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  • Richard Cree

NoPPE

Updated: 7 days ago

3rd August 2020

UK COVID Deaths - Daily 9 / Total 46,210

James Cook Hospital – Total COVID deaths – 255

All COVID cases within South Tees Hospitals Trust – 2

James Cook Critical Care COVID cases – 0


I’m back at work today after a two week holiday. I have to admit that it has been good to unwind and forget about work for a little while. Like most people we had to change our original holiday plans and instead hired a narrowboat and spent a week navigating the canals of Staffordshire, Worcestershire, the Black Country and Birmingham. A lot more fun than you might think. Honest. We were blessed with lovely weather and had a great time. A canal boat holiday was something Nicky and I had always wanted to try but had never quite got around to organising. I can highly recommend it.

Normally when I return to work from holiday any feelings of tranquillity and relaxation have evaporated by about 3pm on the first day. However, today was different. I arrived to work to find that we are no longer obliged to wear full PPE whilst working in the Intensive Care Units. Woo-hoo!

New guidance, issued late on Friday by the Faculty of Intensive Care Medicine, the Intensive Care Society, the Infection Prevention Society and the British Association of Critical Care Nurses recommends that full PPE no longer needs to be worn in units that contain only COVID-negative patients.

You will have read many accounts of how unpleasant it is to wear PPE for hours on end and I’m not sure I can add any more to the subject. What I will say is that it’s only when you stop wearing it that you realise what a relief it is. We can now enter the ICU wearing only scrubs and a surgical face mask once we have washed our hands. Of course, when we enter a patient’s bed area we have to wear an apron and gloves and when we perform any procedure that is classed as ‘aerosol-generating’ (such as intubating a patient) we are back in full PPE temporarily.

This now means that we can enter the ICU to check how a patient is doing or to talk to a member of staff almost as easily as before the pandemic. It also means we can leave for bathroom breaks as and when we need to. No small thing for a middle-aged man with a compulsive tea-drinking habit…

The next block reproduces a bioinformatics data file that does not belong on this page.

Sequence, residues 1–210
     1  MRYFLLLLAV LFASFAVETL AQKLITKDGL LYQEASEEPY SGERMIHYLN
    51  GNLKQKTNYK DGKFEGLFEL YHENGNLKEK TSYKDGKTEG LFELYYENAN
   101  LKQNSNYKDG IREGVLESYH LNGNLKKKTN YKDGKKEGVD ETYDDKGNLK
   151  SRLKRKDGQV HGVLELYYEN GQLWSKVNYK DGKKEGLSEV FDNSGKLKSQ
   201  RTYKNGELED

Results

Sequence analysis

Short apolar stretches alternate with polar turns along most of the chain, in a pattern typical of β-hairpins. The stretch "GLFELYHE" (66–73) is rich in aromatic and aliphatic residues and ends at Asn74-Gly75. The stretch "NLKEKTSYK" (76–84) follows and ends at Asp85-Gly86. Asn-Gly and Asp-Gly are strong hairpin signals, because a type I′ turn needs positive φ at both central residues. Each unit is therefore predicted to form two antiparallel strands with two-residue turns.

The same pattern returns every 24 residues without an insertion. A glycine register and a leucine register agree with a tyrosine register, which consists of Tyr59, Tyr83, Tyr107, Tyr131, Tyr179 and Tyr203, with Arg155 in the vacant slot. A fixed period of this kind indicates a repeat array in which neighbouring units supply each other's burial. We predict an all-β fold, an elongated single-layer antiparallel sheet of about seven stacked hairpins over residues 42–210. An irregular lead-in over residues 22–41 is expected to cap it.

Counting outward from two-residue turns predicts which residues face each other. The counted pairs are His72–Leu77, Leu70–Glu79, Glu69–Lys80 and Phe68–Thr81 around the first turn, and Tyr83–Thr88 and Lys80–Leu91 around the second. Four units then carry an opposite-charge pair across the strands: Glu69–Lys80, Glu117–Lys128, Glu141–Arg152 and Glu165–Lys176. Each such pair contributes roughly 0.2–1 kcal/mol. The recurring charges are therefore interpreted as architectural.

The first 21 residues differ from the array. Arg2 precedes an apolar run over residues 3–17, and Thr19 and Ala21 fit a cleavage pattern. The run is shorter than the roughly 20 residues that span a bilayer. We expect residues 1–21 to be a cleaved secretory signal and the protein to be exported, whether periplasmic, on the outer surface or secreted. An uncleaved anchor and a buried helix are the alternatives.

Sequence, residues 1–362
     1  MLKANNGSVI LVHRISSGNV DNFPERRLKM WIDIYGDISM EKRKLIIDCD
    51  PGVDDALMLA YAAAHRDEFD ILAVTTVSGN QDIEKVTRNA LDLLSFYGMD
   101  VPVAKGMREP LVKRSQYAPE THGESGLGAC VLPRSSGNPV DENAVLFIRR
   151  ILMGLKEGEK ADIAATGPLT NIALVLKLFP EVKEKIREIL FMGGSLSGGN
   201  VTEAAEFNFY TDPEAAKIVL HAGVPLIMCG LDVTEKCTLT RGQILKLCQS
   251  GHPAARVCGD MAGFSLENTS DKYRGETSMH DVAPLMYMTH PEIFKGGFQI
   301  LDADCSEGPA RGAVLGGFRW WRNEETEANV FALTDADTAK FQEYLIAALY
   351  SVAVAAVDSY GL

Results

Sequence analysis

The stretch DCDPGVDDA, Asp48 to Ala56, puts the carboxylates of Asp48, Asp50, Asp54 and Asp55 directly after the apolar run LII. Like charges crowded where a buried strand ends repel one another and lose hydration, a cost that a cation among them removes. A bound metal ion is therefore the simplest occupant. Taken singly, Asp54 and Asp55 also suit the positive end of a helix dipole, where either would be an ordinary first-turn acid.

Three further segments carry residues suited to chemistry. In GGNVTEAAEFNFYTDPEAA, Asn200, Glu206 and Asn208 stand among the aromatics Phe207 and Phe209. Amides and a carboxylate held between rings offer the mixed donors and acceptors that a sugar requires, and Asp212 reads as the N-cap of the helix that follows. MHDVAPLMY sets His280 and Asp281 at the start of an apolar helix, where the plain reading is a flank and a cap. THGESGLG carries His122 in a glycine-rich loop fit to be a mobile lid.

The other piece of good news is that we have finally discharged our last COVID patient to the ward a few days ago. We now have no COVID patients within critical care. Nil. Zilch. Nada. None. This is the first time this has happened in four and a half months and is a major milestone for us.

As of today there are only two COVID patients within the whole hospital and one of those is our ex-ICU patient. The numbers of non-COVID patients are steadily increasing and there is a progressive return to ‘normal’ day-to-day hospital activity. More surgery is being performed, more procedures undertaken and more patients are to be seen walking to and from appointments in the hospital corridors. Hospital visiting is still not allowed except under exceptional circumstances in order to protect vulnerable patients from exposure to COVID-19.

Being on the ICU today felt very much like old times and this wasn’t just due to the lack of PPE. Nearly all of my patients today had neurological or neurosurgical problems and were relatively stable. Cases included severe strokes, patients with brain tumours, meningitis and a brain injury following an assault. We also treated a gentleman who had suffered a heart attack and cardiac arrest whilst gardening who was resuscitated by his neighbour. Not one of these patients had any symptoms that could have been put down to the coronavirus. In fact, none of them had any appreciable respiratory failure which made for a refreshing change.

So, a much more relaxing day than I thought and a chance for that holiday feeling to perhaps last another day or two? We shall see.

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